Master Degree in Interior Architecture in Estonia

Find Masters Programs in Interior Architecture in Estonia 2018/2019

Interior Architecture

A masters refers to the completion of a graduate study program that prepares students to further their knowledge of a specific subject or advance their careers. The majority of masters are granted by state or public universities.

Interior architecture pertains to modifications done inside a space. It is closely related to interior design in that it deals with the aesthetics, but has a higher degree of involvement dealing with changes that alter the actual structure of the building.

 

Estonia is among other things known for its forests (they make up almost half of the territory) and for being the only country in Europe with almost total 4G network coverage. Estonia provides high-level and internationally recognized education, and many universities in the country offer degree programs in English.

Top Master Programs in Interior Architecture in Estonia 2018/2019

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Master of Interior Architecture

Estonian Academy of Arts
Campus Full time 2 years August 2019 Estonia Tallinn

We educate future interior architects. The programme provides the skills to analyse critically, develop and experiment with the different aspects of spatial environment creation and helps to develop a personal, creative approach. [+]

The contemporary world is characterised by complexity and rapid change, affecting also the profession of interior architects and spatial designers. The Master's programme in Interior Architecture is based on the principle that a set of design skills, in the narrow sense of the term, is not sufficient for interior architects to be successful in their profession. They also need to understand the broader context and be able to adjust their solutions to changing situations.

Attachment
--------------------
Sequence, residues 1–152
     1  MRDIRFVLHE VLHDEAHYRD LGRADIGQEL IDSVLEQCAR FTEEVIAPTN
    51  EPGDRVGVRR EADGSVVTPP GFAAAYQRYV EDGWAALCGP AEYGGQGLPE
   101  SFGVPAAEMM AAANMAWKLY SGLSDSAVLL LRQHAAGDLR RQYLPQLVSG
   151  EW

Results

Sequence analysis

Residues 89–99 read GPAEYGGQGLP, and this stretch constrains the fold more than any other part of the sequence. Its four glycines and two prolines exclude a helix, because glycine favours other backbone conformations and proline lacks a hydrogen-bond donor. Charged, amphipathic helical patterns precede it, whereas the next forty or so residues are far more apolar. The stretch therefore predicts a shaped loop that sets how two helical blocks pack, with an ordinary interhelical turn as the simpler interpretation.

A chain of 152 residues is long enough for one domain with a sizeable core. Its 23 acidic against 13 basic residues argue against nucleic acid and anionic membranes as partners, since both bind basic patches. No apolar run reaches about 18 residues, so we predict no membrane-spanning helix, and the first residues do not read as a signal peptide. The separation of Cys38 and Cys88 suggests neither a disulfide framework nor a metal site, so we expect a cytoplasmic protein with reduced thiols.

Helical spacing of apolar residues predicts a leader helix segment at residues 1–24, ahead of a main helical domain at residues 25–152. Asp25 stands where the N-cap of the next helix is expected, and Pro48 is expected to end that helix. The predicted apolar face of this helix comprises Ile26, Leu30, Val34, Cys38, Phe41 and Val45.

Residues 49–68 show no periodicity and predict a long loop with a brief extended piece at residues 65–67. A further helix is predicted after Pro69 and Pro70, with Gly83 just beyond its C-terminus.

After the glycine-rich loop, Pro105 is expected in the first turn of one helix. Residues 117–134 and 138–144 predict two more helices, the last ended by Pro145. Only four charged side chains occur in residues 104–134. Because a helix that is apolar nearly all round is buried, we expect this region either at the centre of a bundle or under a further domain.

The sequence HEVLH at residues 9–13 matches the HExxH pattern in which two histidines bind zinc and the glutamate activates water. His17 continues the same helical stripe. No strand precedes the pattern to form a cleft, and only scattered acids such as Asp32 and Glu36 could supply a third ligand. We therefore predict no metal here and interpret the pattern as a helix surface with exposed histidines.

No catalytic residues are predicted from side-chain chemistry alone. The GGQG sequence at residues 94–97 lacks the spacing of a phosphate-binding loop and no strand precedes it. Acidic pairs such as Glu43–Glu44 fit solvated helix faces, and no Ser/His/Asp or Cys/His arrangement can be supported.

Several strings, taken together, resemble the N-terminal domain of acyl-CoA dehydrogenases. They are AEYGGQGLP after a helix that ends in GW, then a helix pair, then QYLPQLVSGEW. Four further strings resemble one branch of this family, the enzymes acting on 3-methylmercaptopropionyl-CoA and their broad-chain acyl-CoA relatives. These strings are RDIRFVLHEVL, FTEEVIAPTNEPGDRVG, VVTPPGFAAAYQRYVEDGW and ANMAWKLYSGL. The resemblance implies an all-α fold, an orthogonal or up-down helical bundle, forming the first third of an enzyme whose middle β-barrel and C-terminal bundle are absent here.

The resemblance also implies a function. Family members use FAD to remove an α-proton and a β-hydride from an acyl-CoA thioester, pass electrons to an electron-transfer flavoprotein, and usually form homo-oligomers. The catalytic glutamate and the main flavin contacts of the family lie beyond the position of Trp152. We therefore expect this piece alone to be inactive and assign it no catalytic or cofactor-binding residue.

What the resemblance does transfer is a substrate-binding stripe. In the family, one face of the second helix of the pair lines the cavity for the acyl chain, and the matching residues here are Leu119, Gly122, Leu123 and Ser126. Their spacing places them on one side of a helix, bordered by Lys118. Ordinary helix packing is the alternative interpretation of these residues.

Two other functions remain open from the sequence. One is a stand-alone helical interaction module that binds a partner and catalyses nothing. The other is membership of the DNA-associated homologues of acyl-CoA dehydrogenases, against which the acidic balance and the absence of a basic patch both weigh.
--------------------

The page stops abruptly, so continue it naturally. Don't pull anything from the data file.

Our curriculum is divided into two main segments:

The first (so-called ‘hi-tech’) segment deals with the interaction between spaces and people, and the ways high technology and smart materials help improve that interaction. The second (so-called ‘low-tech’) segment is based on the notion that if we have good knowledge of our surrounding, broader contexts (such as climate, nature, economy and culture) and their interrelationship, rich imagination and primitive materials are all we need to create fresh, quality spaces.... [-]